Study pushed by White House questioned

WASHINGTON: The White House Office of National Drug Control Policy (ONDCP) is trumpeting a new study of US teens to prove that its $100 million-a-year anti-marijuana campaign is having an impact, but critics accuse the office of ignoring another study that suggests otherwise.

WASHINGTON: The White House Office of National Drug Control Policy (ONDCP) is trumpeting a new study of US teens to prove that its $100 million-a-year anti-marijuana campaign is having an impact, but critics accuse the office of ignoring another study that suggests otherwise.

Monitoring the Future (MTF), an independent study group that tracks substance use among teenagers, released a survey in December showing that drug use declined 11% over the past two years among 8th, 10th, and 12th graders. ONDCP officials seized on the information, publicly crediting their recent ad and grassroots campaign (PRWeek, December 2, 2002) with the decrease. President Bush then cited the statistics in last week's State of the Union address.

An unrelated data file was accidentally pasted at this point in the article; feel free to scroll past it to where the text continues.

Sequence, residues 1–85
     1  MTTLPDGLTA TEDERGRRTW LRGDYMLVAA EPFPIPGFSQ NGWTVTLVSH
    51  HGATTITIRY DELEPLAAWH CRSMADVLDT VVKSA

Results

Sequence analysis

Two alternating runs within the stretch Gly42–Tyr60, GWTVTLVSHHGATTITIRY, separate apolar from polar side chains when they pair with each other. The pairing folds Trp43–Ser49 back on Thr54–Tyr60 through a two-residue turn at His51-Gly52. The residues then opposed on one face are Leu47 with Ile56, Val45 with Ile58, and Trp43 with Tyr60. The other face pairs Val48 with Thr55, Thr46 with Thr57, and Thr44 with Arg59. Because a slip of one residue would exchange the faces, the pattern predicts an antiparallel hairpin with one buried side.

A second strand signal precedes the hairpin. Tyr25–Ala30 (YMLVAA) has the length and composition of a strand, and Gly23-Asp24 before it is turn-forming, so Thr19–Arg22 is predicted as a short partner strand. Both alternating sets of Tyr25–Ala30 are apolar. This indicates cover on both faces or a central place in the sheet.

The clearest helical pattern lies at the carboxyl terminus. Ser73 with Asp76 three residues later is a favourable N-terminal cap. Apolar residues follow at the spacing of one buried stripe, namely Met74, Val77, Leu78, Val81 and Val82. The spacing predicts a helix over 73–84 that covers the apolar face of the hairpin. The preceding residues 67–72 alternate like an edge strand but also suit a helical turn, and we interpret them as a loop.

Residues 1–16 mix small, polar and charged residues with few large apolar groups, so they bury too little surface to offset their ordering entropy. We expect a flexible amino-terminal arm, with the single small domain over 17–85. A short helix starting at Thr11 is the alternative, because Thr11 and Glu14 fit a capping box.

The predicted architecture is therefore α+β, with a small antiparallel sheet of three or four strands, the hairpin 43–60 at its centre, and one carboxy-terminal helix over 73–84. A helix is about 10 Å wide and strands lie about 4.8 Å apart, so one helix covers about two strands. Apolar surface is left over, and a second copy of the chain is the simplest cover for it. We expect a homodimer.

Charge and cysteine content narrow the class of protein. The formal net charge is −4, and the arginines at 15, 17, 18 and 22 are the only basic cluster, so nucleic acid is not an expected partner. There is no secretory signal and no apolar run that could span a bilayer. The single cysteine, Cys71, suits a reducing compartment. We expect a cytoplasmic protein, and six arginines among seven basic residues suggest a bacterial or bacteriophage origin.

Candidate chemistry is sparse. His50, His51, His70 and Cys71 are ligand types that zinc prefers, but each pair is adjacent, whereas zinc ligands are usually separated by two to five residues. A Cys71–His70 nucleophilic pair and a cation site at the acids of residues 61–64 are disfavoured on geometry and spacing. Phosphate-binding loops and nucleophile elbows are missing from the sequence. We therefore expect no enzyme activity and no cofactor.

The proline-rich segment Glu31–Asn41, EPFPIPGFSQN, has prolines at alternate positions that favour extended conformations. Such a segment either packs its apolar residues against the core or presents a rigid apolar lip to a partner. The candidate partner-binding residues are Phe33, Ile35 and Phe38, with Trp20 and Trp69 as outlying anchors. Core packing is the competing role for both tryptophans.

Statements sent out by the ONDCP last month read: "When President Bush released his first National Drug Control Strategy in February 2002, he set aggressive national goals to reduce youth drug use by 10% in two years and 25% in five years. Today's release of the 2003 Monitoring the Future Study confirms that [his] two-year goal has been exceeded."

But critics are pointing to another federally commissioned study, conducted by the University of Pennsylvania and private research firm Westat, which, unlike the MTF study, sought to determine whether exposure to the campaign impacted behavior - and found it did not.

"Youth who were more exposed to campaign messages are no more likely to hold favorable beliefs or intentions about marijuana than are youth less exposed to those messages," read the report.

An ONDCP official acknowledged the existence of the second report, but said the White House was favoring the MTF study because it was "the largest and most accurate study we have."

"MTF asks [teens] about attitude, and there's been a definite shift in attitude over the past two years," said the spokesman. "Asked where they got their information, they say PSAs. It doesn't specifically ask, 'Are they ONDCP media campaign PSAs?' but look at the landscape. Who's showing ads on TV against drug use? This is where the attitude shift comes from."

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